The Role of Naloxone

Naloxone is an opioid antagonist and what makes Suboxone unique from Subutex and other medications used in opioid addiction treatment. Naloxone blocks the effects of opioids by kicking them off opioid receptors.[9]

Most of the time, naloxone remains dormant in the medication. Buprenorphine, as a partial opioid agonist, stays below the trigger level of opioids that would cause naloxone to activate. But if the person abuses opioids or tries to abuse Suboxone, naloxone will bind to opioid receptors, kicking off all opioids and putting the person into precipitated withdrawal. This is a very uncomfortable experience. 

Combined Effect in Treatment

The addiction of naloxone makes Suboxone the most common maintenance medication for people in recovery from opioid addiction. Because full opioid agonists are likely in the system at the beginning of detox at levels that will active the naloxone in Suboxone, doctors generally prescribe buprenorphine only in the first days of treatment and then follow up with Suboxone.[1]

The goal of naloxone is to prevent relapse. The user will not get high and will instead get sick if they abuse Suboxone or try to take other opioids. 

Administration & Use

Suboxone is prescribed as a sublingual film or tablet that is either dissolved inside the cheek or under the tongue, respectively.[8] Dose amounts and schedules vary based on personal need and stage of treatment, but most people will take the drug once per day. 

Like Subutex, Suboxone is most effective when used as a part of a comprehensive treatment plan that includes behavioral therapy and medical supervision. 

Comparing Subutex & Suboxone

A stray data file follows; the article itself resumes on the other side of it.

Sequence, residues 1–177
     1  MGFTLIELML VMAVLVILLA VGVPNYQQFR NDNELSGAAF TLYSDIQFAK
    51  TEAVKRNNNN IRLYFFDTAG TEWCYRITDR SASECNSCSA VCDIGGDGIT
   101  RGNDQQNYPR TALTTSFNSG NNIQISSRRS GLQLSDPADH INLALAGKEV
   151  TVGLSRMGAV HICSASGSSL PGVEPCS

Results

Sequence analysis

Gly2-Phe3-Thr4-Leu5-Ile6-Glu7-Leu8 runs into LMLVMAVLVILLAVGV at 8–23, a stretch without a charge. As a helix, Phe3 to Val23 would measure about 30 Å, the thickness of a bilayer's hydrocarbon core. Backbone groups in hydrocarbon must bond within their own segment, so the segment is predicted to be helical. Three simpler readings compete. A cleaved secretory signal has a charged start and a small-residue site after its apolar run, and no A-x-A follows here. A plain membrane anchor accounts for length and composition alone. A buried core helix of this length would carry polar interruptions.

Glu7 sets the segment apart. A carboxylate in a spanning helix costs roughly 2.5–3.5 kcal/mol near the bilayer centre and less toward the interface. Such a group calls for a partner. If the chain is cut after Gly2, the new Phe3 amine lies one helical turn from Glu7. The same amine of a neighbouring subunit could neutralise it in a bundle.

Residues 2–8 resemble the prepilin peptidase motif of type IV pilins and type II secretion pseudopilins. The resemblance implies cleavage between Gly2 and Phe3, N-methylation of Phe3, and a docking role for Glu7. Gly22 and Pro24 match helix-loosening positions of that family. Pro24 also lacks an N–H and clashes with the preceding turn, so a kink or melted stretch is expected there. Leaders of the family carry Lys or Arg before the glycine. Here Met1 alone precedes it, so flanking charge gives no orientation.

There are some key things to keep in mind when considering how and when to use buprenorphine versus Suboxone, as both are appropriate at different times.[10] Since Subutex is not available in the U.S. today, it is highly unlikely that you would be prescribed Subutex as part of MAT.

This chart breaks down how Subutex and Suboxone compare:[3,6-8,10-12]

UseTreatment of opioid use disorder, primarily during the initial phase of treatment for the purposes of transitioning from active abuse into active recovery Treatment of opioid use disorder, primarily during the maintenance phase of treatment to continue to decrease cravings, reduce rates of relapse, and prevent overdose in the event of relapse
ScheduleSchedule III controlled substanceSchedule III controlled substance
FormsSublingual tabletsSublingual films and tablets
How They Are UsedDissolved under the tongue (sublingual administration)Dissolved under the tongue or inside the cheek (buccal administration)
Side EffectsMay cause initial nausea, vomiting, constipation, headache, sweating, insomnia, and painMay cause initial nausea, vomiting, constipation, headache, sweating, insomnia, mouth numbness or redness, and pain
Addiction PotentialLower potential for addiction compared to full opioid agonists because it is a partial opioid agonistLower potential for addiction compared to full opioid agonists; contains naloxone to deter intravenous abuse
CostGenerally lower cost than Suboxone, especially if generic buprenorphine is prescribedGenerally higher cost than Subutex, partly because it includes naloxone; less expensive generic versions available 
Insurance CoverageCoverage varies by insurance plan and may require prior authorization; generic versions are usually more widely coveredBroadly covered by many insurance plans, including Medicaid; generic versions available and covered by many plans
Efficacy & SafetyEffective for reducing opioid cravings and withdrawal symptoms, but less safe for use than Suboxone because it lacks naloxone, the opioid blockerEffective for reducing opioid cravings and withdrawal symptoms, and safer for use due to the inclusion of naloxone

Key Differences Between Subutex & Suboxone

There are a handful of key differences between Subutex and Suboxone, which are important to understand prior to beginning a medication regimen.[3]

Active Ingredients 

Subutex contains only buprenorphine as its active ingredient. Suboxone contains both buprenorphine and naloxone, which adds an extra layer of protection against overdose. Suboxone cannot be initiated until withdrawal symptoms have started.